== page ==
Cape Breton fiddle tradition is alive and well

Katie McNally Trio

Now More Than Ever demonstrates that the Cape Breton tradition is in very safe hands with Katie McNally, a Boston-based fiddler who is joined by  Shauncey Ali on viola and Neil Pearlman on piano.

Katie’s website informs us that she attended both The University of Glasgow and The National Piping Centre in Glasgow Scotland where she studied ancient and modern Scottish Literature and Scottish traditional music. Katie graduated Magna Cum Laude from Tufts University in 2012 with concentrations in Music, English and Child Development where she earned The Etta and Harry Winokur Award for Outstanding Contribution to Performance.

The medley is called Fletch Taylor/Marcel Aucoin/Matthew Robinson’s.

“My Albion” – Zakia Sewell explores the songs, stories and symbols of British identity

Zakia Sewell

As a teenager, Zakia Sewell became entranced by English folk music, initially through Pentangle’s haunting rendition of the traditional song, The Cuckoo.

But with this enchantment came a tension – a question – of whether such a song could really belong to her. Being of Caribbean and British descent, Zakia is sensitive to the darker histories that connect these two places and yet is drawn to a vision of Albion – an ancient, mythical land evoked in so many folk songs, symbols and stories.

Spiralling out from the personal to the national, from the present into the past – both real and imagined – Zakia grapples with the complexities of British national identity with the intent of resolving her own inner conflict and finding hopeful visions for the future.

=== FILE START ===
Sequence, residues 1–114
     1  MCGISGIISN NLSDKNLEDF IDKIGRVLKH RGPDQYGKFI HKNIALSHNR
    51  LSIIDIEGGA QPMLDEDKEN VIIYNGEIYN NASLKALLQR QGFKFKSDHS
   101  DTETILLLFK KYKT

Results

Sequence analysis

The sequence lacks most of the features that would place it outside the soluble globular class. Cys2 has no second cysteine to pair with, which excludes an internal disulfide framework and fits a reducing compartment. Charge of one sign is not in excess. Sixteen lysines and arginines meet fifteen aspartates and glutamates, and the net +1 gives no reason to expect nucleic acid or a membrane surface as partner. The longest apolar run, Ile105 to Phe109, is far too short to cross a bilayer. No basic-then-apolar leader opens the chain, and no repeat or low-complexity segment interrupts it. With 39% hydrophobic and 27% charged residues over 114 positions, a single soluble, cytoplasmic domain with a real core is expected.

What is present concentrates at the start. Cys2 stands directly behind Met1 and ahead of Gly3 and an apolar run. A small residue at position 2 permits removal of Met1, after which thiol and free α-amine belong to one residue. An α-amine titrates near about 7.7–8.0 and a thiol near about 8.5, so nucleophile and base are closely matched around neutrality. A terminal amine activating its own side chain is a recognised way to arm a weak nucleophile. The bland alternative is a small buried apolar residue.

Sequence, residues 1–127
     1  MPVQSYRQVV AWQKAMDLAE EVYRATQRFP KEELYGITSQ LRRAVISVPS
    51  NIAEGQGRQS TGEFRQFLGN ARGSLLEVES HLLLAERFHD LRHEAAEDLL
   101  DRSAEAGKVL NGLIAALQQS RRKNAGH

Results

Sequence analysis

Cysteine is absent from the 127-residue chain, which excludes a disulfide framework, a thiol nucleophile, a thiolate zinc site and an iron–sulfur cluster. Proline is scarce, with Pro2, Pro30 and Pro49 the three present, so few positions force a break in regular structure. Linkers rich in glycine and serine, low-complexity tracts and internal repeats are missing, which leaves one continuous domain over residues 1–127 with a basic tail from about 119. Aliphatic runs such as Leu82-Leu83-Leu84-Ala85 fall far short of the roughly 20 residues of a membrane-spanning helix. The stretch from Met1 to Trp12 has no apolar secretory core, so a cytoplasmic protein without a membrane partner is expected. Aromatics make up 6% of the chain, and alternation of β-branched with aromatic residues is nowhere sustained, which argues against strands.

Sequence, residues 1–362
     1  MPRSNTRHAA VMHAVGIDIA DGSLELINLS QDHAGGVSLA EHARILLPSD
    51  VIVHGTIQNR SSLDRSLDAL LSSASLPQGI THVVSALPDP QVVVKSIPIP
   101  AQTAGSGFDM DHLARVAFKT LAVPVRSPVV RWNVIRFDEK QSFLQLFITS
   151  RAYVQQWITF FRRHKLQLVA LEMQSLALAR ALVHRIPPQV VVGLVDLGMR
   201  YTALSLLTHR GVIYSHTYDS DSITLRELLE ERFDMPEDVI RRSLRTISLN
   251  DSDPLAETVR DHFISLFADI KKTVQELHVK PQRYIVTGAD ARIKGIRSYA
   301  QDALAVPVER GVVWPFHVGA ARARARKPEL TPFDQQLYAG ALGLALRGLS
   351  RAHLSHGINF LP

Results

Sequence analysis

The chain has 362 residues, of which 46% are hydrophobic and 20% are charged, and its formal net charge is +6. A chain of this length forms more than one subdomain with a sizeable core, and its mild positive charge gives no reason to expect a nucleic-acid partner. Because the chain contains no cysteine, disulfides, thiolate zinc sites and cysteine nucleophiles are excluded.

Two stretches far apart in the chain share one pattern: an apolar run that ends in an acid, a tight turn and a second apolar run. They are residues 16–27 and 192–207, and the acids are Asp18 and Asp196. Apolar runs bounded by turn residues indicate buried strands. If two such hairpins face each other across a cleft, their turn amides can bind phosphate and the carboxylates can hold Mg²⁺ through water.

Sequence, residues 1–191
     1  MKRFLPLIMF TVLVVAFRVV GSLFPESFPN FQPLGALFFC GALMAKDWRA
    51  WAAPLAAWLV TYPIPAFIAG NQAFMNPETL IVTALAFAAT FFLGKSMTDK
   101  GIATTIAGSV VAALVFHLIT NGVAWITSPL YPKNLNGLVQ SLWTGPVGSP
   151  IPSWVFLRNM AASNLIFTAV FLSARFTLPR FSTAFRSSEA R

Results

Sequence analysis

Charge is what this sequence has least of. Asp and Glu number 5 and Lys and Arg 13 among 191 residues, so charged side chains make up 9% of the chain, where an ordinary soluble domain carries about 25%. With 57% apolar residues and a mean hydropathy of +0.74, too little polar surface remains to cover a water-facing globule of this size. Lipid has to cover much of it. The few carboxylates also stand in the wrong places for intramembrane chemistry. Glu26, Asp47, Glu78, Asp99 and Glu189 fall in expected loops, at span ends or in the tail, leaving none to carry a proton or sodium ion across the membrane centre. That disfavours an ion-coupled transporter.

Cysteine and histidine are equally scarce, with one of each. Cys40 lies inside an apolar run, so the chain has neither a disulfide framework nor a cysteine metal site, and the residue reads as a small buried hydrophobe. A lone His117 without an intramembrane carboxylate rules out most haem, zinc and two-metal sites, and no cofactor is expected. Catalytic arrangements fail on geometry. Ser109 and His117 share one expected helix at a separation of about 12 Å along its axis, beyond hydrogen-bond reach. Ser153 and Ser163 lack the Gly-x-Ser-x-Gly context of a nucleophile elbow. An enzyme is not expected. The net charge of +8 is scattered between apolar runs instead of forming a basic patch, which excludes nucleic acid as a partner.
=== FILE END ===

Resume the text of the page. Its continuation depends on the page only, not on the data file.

With artist Ben Edge, musician Cohen Braithwaite-Kilcoyne and his mum Mignon, warden of Kilpeck Church, Hesketh Millais, members of Boss Morris – a feminist Morris Side – and Zakia’s dad, Caspar.

Listen to the full program on BBC here

Produced by Zakia Sewell and Alan Hall
A Falling Tree production for BBC Radio 4

Derry Girls creator may end show after third series with feature film

DERRY GIRLS creator Lisa McGee has revealed her intention to conclude the show after three series and a feature film. 

The much-anticipated third series of the hit comedy series chronicling the exploits of a group of teenagers growing up in Derry during the Troubles in the 1990s has been delayed as a result of the coronavirus pandemic. 

While the cast reunited for a special Zoom-based sketch in aid of charity earlier this year, they are still waiting to be given the green light to begin filming again. 

In the meantime, McGee has been busy working on Erin’s Diary, a new official tie-in book written from the perspective of Saoirse Monica Jackson’s character. 

Offering a deep dive into the inner workings of the show’s central character, it serves as the perfect bridge between series two and three, with fans still facing a lengthy wait for more Derry Girls. 

It could also end up being the beginning of the end for the hit show, with McGee admitting to the I Newspaper that she is keen to wrap things up after series three with a feature film. 

“I don’t want to write them beyond 18. It’s about that magic time, before you’re officially an adult,” she explained.  

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